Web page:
Tuesday, November 10, 2015

Author Interview and Giveaway: A Pain in the Tuchis by Mark Reutlinger

A Pain in the Tuchis:
A Mrs. Kaplan Mystery

2nd in Series
Cozy Mystery
Publisher: Alibi (November 17, 2015)
An Imprint of Random House LLC
Publication Date: November 17, 2015

Combining the classic charms of Agatha Christie with the delightful humor of M. C. Beaton’s Agatha Raisin novels, Mark Reutlinger’s Mrs. Kaplan mystery series returns as a notorious crank meets an untimely fate. 

Yom Kippur is a day of reflection and soul searching. But at the Julius and Rebecca Cohen Home for Jewish Seniors, Vera Gold misses this opportunity to atone for her many sins when she up and dies. Indeed, Vera was such a pain in the tuchis to all those around her that when her sister claims Vera was deliberately poisoned, the tough question isn’t who would want to kill her—but who wouldn’t?

Having already solved one murder with her dear friend Ida, Rose Kaplan has a sleuthing reputation that precedes her. It’s only natural that Vera’s sister turns to Mrs. K for help. So do the police, but when her conclusions conflict with theirs, they tell her to butt out! This case has more twists than a loaf of challah. And with a homicidal scoundrel on the loose, Mrs. K has to act fast—or she might be the guest of honor at the Home’s next memorial service. 

Praise for Mrs. Kaplan and the Matzoh Ball of Death
“Is there kosher food in jail? These two heroines have gotten themselves in quite a pickle! Well, it’s a matzoh ball mess, really. Too deliciously funny!”—Rita Mae Brown, bestselling author of Nine Lives to Die

Birdhouse Books Interviews Mark Reutlinger
Birdhouse Books: When did you realize you wanted to be a writer?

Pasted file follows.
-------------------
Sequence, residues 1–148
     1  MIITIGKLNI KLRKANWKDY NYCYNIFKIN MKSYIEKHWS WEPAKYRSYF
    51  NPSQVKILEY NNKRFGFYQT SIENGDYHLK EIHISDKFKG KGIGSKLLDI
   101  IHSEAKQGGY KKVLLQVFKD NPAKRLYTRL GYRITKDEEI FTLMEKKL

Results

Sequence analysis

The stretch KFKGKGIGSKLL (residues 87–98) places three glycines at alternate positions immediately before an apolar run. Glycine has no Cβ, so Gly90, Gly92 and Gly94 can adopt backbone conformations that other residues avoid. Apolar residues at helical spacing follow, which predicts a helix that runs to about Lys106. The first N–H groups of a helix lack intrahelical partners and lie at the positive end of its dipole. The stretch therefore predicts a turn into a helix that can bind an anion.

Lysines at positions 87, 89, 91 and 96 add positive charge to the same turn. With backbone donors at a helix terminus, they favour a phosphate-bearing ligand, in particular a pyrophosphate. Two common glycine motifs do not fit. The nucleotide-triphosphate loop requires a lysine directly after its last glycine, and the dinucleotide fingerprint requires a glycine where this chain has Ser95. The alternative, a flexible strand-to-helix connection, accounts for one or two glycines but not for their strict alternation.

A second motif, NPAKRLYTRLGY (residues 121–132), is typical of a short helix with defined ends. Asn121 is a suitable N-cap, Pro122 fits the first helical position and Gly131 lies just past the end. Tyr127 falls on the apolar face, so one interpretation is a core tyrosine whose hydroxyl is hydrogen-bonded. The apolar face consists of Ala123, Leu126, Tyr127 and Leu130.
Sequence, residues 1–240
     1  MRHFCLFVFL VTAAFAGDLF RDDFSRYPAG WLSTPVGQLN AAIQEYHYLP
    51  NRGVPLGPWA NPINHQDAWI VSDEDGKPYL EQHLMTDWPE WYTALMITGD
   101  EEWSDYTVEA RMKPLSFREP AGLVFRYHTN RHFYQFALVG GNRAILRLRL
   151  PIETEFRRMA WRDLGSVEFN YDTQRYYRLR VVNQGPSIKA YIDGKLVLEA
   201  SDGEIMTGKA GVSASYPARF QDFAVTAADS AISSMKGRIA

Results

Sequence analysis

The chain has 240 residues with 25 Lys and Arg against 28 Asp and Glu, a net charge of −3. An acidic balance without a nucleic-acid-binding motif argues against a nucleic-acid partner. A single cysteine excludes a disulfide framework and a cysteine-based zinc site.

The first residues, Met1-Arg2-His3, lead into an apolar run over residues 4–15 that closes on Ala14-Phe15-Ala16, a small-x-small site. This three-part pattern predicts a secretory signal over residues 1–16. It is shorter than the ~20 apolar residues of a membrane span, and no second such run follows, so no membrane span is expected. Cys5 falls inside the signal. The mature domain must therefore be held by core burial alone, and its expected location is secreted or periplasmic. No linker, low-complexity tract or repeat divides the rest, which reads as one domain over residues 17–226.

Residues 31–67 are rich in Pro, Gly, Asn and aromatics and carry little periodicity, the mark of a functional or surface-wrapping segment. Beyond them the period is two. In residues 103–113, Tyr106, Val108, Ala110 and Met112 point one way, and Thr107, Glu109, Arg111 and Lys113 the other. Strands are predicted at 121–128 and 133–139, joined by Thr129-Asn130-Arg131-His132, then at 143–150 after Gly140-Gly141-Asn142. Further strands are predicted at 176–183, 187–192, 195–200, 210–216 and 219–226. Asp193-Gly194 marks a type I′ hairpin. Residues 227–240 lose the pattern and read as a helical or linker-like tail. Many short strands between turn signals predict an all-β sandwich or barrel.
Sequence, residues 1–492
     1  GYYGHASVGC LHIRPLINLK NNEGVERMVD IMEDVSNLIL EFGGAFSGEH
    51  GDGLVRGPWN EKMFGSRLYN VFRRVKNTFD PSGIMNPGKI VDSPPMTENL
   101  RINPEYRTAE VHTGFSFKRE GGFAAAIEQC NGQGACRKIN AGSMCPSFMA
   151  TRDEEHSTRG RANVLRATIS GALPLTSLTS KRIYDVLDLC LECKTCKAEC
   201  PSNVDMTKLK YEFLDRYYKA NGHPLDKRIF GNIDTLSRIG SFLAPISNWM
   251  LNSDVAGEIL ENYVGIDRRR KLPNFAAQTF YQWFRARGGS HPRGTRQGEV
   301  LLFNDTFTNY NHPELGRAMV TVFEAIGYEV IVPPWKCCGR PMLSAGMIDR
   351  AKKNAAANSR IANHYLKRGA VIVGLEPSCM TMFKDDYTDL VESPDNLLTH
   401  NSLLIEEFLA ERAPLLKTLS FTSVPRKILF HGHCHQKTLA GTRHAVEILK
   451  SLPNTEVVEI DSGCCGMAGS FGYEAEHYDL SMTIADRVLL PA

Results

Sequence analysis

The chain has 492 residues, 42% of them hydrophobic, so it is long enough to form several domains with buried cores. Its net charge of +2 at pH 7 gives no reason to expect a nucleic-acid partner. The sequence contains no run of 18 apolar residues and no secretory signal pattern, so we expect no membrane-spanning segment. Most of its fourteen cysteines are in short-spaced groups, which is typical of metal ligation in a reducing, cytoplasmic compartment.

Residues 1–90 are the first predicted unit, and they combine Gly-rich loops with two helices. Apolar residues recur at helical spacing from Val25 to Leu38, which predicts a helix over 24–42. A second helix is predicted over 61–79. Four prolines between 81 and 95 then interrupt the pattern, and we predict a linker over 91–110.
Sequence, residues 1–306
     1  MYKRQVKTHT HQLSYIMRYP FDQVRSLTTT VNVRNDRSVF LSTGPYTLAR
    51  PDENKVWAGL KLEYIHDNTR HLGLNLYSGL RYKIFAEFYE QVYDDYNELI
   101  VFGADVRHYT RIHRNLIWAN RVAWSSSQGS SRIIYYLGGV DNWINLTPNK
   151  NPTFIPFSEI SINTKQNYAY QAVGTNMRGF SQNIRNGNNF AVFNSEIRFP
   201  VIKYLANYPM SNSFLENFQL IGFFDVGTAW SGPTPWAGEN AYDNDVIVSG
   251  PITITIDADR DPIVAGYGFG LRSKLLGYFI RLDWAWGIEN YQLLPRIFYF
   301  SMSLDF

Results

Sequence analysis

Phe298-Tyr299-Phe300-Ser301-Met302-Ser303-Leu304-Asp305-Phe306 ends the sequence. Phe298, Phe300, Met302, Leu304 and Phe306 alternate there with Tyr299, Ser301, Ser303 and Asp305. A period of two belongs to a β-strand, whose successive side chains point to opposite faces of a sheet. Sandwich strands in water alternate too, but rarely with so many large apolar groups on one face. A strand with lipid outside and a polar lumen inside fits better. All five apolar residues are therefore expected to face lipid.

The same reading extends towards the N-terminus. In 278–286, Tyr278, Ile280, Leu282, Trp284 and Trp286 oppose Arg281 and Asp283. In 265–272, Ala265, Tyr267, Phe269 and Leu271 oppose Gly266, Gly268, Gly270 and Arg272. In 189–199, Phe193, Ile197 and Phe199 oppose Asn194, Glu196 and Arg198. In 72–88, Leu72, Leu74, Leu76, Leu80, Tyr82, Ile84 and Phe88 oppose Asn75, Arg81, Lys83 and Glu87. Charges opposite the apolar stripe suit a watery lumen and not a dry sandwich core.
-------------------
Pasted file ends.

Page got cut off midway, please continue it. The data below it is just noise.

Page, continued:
Mark Reutlinger: I’ve always enjoyed writing, and as an attorney and law professor it was required of me. Legal writing is necessarily factual and (generally) not very creative, however, and early on I realized I wanted to try more creative writing, to exercise my imagination. I occasionally tried writing fiction, but I didn’t have the time to devote to it until I retired from teaching. I then found that, as I had suspected, writing novels was much more interesting and satisfying than writing law treatises, and I decided to make it a second career.
Birdhouse Books: What was your favorite book as a child?
Mark Reutlinger:  I no longer recall the names or author, but I loved a series of books which featured different forest animals as the main characters.
Birdhouse Books: What is your writing day like?  Do you have any interesting writing quirks?
Mark Reutlinger: Unlike many writers, I don’t set aside a specific time each day to write, and I have several other business responsibilities that may keep me from writing at all on any given day. I wait for a block of time to become available and do my writing then. Of course, if I’m in the midst of a writing project with a deadline, I make sure to spend as much time as necessary and put other things aside. I don’t know if it’s a “quirk,” but I get some of my best writing ideas at night, before going to sleep, probably because it’s usually the only time when I have nothing else on my mind and I can relax and work out plot details or dialogue. If I’m already in bed, and I’m afraid that in the morning I won’t remember what I’ve thought of, I’ll get up and go to my desk and make detailed notes or even fire up the computer and insert the new material then and there.